Extracting Threat Intelligence From Honeypots

by Sachin

The use of deception in warfare is nothing new, and the same principle applies to both cyber attack and cyber defense. If a cyber defender can trick a hacker into wasting their time and resources on a fake target, then the attacker has fewer resources available to exploit real targets. Additionally, the defender may have an opportunity to extract useful information (or threat intelligence) regarding the attacker’s tactics, techniques, and procedures (TTPs).

A honeypot is one of the simplest options for implementing deception within a network. Understanding what is a honeypot and how it works can help an organization to collect and operationalize threat intelligence to help protect against attackers targeting their network.

How Honeypots Work

In the end, a honeypot is just another computer on an organization’s network. It can be a physical device, but it is generally a virtual machine (VM) because a VM is easier to monitor and clean up. Additionally, a VM can be configured with introspection, where the host machine has full visibility into the guest VM’s activities without this monitoring being detectable to malware or a hacker operating on the VM.

However, a honeypot is unlike the rest of an organization’s systems because it is intended to be a target of attack. Honeypots are often designed to have vulnerabilities that a hacker could exploit. For example, the honeypot may run a web server that contains a command execution or SQL injection vulnerability. By designing a honeypot to be an appealing target to a hacker (by making it vulnerable to attack and appear to contain valuable data), an organization can trick an attacker into focusing their efforts on attacking it rather than targeting the rest of the company’s network.

Advantages Of Honeypots For Threat Intelligence Collection

By design, a honeypot is not part of an organization’s real network. As a result, there is no legitimate use for the honeypot, and any connections to or from the honeypot or activities performed on the honeypot are automatically suspicious or malicious.

This is extremely valuable when attempting to collect threat intelligence regarding a potential attacker. On normal systems, legitimate activities performed in the course of daily business cause a number of state changes on the machine. Differentiating a benign state change (performed by an employee) from a malicious one (performed by a hacker) can be difficult. As a result, real attacks against the system can be lost in the noise, and an organization’s security team may waste valuable time and energy investigating potential incidents that turn out to be false positives.

On a honeypot, every state change is caused by an unauthorized use of the device because no authorized uses of the device exist. This enables an organization’s security team to easily differentiate real attacks from false positive detections.

Additionally, the nature of a honeypot provides security teams with the opportunity to spend more time observing how an attacker reacts to certain situations. Since nothing important or valuable is stored on the machine, there is no risk associated with allowing a hacker to poke around inside it. It is even possible to orchestrate certain challenges for the hacker to overcome in order to force them to reveal their tools and techniques since oddities in the configuration of the machine have no impact on normal operations.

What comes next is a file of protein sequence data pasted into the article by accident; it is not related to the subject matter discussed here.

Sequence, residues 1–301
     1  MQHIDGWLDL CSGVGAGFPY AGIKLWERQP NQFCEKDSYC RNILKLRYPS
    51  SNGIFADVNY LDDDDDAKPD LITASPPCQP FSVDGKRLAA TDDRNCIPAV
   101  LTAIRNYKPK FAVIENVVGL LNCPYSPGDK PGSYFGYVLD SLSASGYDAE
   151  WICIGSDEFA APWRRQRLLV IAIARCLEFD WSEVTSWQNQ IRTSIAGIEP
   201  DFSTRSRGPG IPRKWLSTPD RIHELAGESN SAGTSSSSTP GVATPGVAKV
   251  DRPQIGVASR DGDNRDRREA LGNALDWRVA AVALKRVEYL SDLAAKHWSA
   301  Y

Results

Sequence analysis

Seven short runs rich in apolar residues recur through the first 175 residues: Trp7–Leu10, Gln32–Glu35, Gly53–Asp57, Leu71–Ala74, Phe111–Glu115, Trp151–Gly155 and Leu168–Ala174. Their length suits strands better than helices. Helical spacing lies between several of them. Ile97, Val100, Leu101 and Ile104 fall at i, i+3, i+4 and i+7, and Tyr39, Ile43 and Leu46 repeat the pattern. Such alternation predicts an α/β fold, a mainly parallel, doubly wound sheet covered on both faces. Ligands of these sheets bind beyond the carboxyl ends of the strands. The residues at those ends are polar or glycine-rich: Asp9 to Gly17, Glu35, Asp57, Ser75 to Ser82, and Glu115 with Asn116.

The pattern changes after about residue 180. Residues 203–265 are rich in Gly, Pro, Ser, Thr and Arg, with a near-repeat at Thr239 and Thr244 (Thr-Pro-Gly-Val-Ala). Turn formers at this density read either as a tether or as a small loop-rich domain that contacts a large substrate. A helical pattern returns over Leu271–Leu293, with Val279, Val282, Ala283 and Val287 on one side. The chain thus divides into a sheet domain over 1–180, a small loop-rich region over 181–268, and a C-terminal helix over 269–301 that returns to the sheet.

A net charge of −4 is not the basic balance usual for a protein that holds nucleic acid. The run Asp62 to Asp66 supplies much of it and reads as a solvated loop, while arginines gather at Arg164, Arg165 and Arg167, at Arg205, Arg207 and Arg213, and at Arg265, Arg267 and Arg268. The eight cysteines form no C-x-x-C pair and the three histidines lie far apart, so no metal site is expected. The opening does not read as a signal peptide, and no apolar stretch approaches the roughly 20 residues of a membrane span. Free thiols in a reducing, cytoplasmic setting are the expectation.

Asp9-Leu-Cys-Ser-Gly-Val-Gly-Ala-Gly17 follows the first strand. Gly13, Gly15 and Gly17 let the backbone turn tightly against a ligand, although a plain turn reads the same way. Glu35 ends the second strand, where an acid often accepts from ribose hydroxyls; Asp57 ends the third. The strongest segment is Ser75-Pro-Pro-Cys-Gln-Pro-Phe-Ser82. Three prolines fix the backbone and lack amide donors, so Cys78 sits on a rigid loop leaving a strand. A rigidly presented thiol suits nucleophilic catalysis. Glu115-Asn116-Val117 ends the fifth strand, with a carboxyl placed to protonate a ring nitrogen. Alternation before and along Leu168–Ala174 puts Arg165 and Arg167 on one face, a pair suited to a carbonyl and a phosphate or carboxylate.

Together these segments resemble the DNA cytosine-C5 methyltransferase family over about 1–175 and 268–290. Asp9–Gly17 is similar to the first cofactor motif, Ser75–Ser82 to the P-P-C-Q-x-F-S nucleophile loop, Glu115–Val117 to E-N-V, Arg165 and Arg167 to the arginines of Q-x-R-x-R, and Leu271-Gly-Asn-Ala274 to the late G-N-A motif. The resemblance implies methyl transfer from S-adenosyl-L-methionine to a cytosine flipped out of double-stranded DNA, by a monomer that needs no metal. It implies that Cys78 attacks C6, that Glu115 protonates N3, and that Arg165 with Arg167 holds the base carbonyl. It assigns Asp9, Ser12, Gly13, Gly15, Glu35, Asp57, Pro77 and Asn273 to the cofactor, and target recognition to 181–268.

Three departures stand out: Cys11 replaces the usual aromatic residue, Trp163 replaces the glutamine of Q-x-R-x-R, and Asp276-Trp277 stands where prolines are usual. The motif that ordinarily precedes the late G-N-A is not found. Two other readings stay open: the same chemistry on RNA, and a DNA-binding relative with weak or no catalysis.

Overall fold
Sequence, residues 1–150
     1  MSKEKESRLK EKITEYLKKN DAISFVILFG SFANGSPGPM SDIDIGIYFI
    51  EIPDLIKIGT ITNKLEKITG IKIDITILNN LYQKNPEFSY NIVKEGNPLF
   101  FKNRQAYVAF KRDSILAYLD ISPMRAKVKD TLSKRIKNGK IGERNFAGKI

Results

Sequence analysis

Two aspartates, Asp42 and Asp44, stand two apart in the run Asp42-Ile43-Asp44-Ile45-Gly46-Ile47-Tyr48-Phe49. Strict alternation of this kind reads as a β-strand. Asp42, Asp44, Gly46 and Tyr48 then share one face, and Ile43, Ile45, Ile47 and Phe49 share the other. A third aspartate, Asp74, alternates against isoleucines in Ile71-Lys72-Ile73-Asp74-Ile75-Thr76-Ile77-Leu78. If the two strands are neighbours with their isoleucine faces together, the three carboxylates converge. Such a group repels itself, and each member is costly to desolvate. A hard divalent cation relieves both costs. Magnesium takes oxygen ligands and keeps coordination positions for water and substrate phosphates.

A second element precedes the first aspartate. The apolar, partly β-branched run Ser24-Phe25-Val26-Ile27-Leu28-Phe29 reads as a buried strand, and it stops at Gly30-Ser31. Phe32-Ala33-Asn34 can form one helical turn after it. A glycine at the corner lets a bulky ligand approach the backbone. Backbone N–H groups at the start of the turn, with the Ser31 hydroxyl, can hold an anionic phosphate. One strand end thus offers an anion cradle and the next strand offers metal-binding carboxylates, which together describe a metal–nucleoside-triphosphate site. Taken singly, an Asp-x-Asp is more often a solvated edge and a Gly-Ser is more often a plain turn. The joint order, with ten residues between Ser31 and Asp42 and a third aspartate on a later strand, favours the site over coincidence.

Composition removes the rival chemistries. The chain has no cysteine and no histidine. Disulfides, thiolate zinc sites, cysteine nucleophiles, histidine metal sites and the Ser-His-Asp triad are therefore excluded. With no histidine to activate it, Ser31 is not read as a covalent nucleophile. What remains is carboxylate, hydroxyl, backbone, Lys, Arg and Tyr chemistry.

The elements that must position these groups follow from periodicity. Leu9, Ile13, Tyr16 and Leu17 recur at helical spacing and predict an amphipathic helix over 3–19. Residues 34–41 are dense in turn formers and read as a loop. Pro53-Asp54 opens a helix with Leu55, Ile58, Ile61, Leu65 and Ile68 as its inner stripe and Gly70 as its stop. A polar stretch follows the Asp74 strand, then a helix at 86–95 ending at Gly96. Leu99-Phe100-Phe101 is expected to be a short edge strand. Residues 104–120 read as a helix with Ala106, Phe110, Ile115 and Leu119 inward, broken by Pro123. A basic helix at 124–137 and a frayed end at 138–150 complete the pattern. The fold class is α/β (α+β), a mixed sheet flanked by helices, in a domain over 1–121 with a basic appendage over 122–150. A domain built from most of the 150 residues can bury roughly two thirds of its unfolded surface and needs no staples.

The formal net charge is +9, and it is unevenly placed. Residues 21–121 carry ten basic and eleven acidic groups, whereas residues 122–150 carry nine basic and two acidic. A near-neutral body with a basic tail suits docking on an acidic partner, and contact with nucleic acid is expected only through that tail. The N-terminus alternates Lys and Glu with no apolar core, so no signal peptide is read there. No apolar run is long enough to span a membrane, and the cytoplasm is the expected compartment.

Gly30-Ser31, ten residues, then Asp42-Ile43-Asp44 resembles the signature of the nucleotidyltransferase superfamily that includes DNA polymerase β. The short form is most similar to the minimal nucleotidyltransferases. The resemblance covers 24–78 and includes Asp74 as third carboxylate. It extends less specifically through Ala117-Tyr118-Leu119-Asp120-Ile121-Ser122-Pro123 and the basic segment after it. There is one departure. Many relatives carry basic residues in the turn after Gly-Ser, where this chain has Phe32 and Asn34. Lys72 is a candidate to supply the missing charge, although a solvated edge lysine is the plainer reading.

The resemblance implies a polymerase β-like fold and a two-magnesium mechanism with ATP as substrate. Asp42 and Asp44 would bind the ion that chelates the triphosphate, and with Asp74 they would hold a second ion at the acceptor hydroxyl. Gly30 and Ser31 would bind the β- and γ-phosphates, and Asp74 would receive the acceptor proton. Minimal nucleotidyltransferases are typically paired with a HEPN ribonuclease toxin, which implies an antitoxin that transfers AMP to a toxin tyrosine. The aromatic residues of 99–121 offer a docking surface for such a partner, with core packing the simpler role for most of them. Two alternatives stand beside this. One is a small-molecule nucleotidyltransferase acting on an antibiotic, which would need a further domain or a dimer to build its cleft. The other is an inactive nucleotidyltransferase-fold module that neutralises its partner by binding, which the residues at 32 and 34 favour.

Honeypots Inform Incident Response Activities

Beyond the potential for wasting an attacker’s time, honeypots are also valuable because they can provide a preview of the types of attacks that an organization needs to be capable of defending against. The tools and techniques that a hacker uses to break into a honeypot are likely to be the same ones used to attack the rest of the network. If the honeypot is attacked first and reveals the tools in use, an organization’s security team has a window to implement any required protections before the rest of the network is at risk.

The same philosophy can also apply to protecting against malware attacks targeting the organization. For example, research has found that most ransomware is executed three days after the initial breach in order to hide the signs of an infection. If a honeypot is infected with the ransomware in advance of the rest of the network, the start of data encryption on the honeypot provides a warning to check the rest of the network for malware lying dormant on machines.

Using Honeypots For Proactive Cyber Defense

Many organizations are preventative and reactive in their approach to cybersecurity. A security team or security operations center (SOC) monitors for alerts that indicate that a cyberattack is potentially in progress. If the organization’s existing cyber defenses don’t block the attack, the security team can engage in incident response and remediation.

While this approach can be effective, it is also expensive and damaging to the organization. Only responding to an attack when it is in progress can mean that that damage is already done before the incident is remediated.

In many cases, proactive cyber defense activities like threat hunting require a certain level of knowledge of the organization’s environment and potential cyber threats to be effective. However, the use of a honeypot can enable an organization to be more proactive in defending against attacks without the same level of cybersecurity knowledge and experience. By deploying and monitoring a honeypot and protecting against the attacks and malware observed within the deceptive environment, a security team may be able to protect real systems before they are targeted with the same attacks.

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